Michelle and I went to check out the Kronos Quartet's free concert at the Goldstein auditorium last night. I had never really listened to the quartet before, but I had heard a lot of good things about them. This, along with my general apathy towards non-improvised music, made the avant garde music snob in me somewhat skeptical. Overall, I have to say that I was impressed. The best piece by far was the world premiere of Marc Mellits' string quartet number 2. It was one of the most amazing things I've heard in a while. The only way I can describe the piece is to imagine a chamber ensemble playing the music of an iconic rock and roll band, only instead making the music sound lame, they actually make it sound even cooler than when it was originally performed by the rock and roll band. I don't know if that was a testament to the composer, the ensemble, or both. As an added bonus, the composer himself, who happens to reside in the Syracuse area when he's not in Transylvania (I'm not making this up), came up and took a bow.
Everything else on the program was interesting and nothing if not eclectic (Indian movie music, Ethiopian saxophone music, etc.) The only other piece that really caught my attention was a work called Oasis by the Azerbaijani composer Franghiz Ali-Zadeh, who is apparently a frequent collaborator with the quartet. Supposedly, her music is a blend of traditional Azerbaijani music and 20th century European classical forms. With the exception of some piped in effects, Oasis sounded pretty much like straight ahead 20th century classical music. My ears were never good at picking out structural elements of music and the chamber music side of my brain is so atrophied that I don't know if this piece really was written using a twelve tone system or any of those other "wacky" compositional structures, but I was definitely getting that kind of vibe from it and found it very appealing.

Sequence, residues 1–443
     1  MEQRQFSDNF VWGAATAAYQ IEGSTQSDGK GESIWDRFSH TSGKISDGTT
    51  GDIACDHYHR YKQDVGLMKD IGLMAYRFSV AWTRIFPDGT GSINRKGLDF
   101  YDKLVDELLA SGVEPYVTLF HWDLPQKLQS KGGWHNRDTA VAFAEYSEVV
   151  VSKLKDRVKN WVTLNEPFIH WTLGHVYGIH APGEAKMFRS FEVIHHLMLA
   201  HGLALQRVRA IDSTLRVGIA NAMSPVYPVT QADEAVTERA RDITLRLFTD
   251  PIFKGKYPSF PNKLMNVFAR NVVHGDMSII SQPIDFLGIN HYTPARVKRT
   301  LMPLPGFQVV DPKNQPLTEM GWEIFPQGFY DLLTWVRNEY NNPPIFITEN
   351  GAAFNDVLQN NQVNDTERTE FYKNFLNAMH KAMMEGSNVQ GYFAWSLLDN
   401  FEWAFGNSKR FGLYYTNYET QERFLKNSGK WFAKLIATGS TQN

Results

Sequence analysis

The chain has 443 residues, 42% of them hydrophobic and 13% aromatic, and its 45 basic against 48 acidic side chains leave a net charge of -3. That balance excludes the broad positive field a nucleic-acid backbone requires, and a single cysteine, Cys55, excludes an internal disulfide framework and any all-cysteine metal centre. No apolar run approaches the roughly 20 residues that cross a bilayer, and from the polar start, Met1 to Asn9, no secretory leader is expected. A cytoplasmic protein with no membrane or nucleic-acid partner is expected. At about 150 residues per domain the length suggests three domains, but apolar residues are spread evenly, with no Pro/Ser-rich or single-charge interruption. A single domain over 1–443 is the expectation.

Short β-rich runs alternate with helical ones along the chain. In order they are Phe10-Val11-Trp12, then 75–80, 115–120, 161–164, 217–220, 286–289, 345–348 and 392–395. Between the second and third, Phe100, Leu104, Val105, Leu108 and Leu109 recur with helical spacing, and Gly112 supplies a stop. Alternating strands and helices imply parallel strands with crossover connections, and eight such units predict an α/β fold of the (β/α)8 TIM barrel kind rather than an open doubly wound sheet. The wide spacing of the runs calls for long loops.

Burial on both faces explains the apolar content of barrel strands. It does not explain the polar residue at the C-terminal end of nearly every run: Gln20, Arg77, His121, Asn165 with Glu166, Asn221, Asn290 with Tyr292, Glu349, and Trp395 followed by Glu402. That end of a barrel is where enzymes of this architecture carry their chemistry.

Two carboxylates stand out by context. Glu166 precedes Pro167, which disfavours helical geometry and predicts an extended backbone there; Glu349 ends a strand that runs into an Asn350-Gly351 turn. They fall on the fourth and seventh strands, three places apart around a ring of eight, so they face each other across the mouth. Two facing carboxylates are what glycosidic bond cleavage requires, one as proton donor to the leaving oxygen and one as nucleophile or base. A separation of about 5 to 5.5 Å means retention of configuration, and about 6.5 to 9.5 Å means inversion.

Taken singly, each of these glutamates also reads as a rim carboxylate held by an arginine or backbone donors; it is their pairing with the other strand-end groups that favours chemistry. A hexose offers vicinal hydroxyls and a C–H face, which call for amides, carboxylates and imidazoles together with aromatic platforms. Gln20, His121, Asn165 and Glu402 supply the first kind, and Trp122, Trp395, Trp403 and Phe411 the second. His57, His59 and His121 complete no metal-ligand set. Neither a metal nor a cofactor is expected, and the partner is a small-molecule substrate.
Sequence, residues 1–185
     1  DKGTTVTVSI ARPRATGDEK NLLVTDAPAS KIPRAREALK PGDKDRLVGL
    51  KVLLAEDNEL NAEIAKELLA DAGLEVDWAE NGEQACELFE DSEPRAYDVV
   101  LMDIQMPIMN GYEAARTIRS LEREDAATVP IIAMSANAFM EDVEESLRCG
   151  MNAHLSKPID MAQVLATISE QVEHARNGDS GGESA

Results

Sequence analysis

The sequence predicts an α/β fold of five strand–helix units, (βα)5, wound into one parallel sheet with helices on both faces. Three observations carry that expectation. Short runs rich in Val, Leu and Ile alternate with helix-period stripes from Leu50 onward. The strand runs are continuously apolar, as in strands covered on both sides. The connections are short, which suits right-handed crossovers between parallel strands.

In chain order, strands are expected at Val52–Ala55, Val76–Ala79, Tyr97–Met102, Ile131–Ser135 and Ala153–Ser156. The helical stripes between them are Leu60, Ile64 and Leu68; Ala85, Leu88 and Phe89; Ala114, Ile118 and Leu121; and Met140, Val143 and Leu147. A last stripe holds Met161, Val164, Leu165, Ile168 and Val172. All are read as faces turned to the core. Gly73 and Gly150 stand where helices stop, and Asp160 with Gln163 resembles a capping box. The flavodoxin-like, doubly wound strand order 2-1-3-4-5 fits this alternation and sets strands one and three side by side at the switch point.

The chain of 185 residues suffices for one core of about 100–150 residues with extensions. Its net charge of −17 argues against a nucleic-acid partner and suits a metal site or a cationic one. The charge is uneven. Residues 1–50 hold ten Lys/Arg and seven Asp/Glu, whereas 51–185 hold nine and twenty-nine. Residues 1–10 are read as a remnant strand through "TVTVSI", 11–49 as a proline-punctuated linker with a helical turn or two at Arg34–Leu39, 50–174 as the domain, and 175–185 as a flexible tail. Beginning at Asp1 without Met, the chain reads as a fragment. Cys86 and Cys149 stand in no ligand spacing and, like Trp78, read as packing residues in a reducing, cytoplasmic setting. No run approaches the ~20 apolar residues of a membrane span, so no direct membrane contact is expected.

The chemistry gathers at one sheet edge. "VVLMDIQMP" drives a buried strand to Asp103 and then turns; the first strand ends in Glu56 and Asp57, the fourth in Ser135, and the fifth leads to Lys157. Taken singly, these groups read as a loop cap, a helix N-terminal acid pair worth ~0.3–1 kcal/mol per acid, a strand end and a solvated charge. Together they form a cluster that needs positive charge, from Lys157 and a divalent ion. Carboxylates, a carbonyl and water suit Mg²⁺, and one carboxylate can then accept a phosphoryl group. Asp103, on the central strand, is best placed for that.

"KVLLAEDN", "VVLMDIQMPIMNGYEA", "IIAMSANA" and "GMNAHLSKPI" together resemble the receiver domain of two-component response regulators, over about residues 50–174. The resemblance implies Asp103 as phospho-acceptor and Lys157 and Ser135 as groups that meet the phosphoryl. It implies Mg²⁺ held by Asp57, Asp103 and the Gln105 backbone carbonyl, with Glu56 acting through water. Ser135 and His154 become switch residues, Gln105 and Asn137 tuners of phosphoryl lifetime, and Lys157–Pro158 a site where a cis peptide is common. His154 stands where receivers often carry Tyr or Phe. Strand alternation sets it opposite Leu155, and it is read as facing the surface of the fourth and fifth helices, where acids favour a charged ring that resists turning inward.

As for the other pieces, I was kind of disappointed by "One Earth, One People, One Love" from Terry Riley's Sun Rings. I generally dig anything minimalist, but this piece didn't really embody the hypnotic effect that I've always associated with great minimalist music. The only other piece worth noting was a work called "Potassium" by Michael Gordon. It made use of a lot of electronics, which I had never really heard before in a string quartet. It came off very well, I thought, plus the tune had a really cool minimalist/rock kind of groove. It was a very downtown New York kind of piece.
The group ended the evening with two encores, the second of which was a take of Hendrix's famous rendition of the Star-Spangled Banner at Woodstock. It was probably the only rendition of the tune that has ever caused Jimi and Francis Scott Key to turn in their graves simultaneously. The quartet either wanted to give the college kids something to remember the concert by, or they wanted to make absolutely sure that there wouldn't be a third encore. They were successful on both counts.
Friday, January 14, 2005
I was about to swear off eating lunch at the Blue Tusk, due to my general disappointment with their sandwiches, but I tried their grilled vegetable Mediterannean Panini today, and it was excellent. I've had bad luck with grilled vegetable sandwiches in the past, but this sandwich had none of the problems that I'm come to associate with grilled vegetable sandwiches, such as overcooked vegetables, undercooked vegetables, or unwieldy construction.